In the past when the private sector was unable to recycle Japan's current account surplus, the government would through intervention. Japan has accumulated more than $1 trillion of reserves. This route seems to have been effectively blocked by the G7/G20, given the sharp depreciation of the yen seen in past six months.
Japan does need to revolutionize its thinking, but Abenomics is not it. Japanese officials think their world is characterized by a shortage of investment. Instead it is plagued by a surplus of savings. It can boost consumption (what Conant saw as redistribution), but instead the Abe government is still poised to raise the retail sales tax next year and in 2015, as the DPJ legislated, with what appears to be its dying political breath. Abe said he wants wages to rise, but wanting and doing are not the same thing.
Lower real interest rates, even negative nominal rates, may not absorb the surplus savings as they change their location by prompting a reallocation of portfolios to equities and real estate, for example. Instead, Japanese officials may be better served by addressing the corporate savings surplus directly.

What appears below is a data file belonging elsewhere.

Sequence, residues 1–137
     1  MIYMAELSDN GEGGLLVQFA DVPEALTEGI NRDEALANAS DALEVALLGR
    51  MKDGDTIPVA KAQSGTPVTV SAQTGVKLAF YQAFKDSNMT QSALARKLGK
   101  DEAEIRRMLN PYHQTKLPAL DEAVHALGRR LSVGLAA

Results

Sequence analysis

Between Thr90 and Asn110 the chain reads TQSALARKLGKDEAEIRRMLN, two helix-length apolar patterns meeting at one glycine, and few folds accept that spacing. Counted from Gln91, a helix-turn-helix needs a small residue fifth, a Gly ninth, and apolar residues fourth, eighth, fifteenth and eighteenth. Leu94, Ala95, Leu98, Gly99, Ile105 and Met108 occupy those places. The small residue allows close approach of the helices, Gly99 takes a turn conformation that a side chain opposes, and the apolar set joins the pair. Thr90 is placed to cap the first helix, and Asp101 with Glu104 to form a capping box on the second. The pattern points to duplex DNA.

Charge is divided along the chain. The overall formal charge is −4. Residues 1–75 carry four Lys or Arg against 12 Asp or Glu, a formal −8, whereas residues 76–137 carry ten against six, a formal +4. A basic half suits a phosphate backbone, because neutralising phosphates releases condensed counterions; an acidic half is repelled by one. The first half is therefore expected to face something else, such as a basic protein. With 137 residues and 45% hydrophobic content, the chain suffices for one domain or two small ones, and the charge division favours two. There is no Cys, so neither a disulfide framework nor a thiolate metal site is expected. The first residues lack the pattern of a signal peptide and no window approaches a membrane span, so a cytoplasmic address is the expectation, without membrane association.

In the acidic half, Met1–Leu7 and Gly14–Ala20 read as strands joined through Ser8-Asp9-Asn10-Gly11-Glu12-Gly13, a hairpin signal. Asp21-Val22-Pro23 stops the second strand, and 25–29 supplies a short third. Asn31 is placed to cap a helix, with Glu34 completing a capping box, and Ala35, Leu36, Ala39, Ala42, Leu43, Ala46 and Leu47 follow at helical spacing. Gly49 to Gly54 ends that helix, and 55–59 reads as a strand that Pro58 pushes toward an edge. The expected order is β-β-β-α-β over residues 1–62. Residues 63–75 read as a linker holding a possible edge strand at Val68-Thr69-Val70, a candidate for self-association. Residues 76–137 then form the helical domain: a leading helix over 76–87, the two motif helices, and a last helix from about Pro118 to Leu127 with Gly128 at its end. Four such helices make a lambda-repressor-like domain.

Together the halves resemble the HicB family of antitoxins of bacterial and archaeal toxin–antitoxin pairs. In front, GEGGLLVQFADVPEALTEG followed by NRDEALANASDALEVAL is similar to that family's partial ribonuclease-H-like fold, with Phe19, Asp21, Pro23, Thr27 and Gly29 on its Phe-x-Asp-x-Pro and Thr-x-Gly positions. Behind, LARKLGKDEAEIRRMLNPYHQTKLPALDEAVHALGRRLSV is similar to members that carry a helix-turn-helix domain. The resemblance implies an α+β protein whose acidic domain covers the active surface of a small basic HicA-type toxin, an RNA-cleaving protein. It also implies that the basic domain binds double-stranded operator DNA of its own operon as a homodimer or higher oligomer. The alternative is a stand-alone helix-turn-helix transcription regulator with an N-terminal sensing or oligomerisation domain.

There are many forms this could take, such as dramatically reducing the depreciation allowance applied to business investment. The tax on dividends could be cut, but this might not trickle down to households as their equity holdings tend to be a small part of their financial assets, and could end up simply redistributing the corporate surplus among businesses. Of their financial assets, the equity holdings of Japanese households as of March 2012 was about 6.5%, nearly half of what it was in March 2007. The comparable figures for the US households are 31.9% and 36.3%, respectively.
Businesses are opposed to the suggestion that retained earnings should be taxed. Corporate governance reform could also force a reduction in corporate savings if shareholders had more power. A more politically palatable route seems to be tax based on the size of the business (pro forma basis).
In order to conceive of the solution, Japanese policy makers and investors need to perceive the problem. Yet, ideological blinders are preventing this and Japan keeps pushing on the same string, albeit somewhat harder, as it has for the better part of two decades.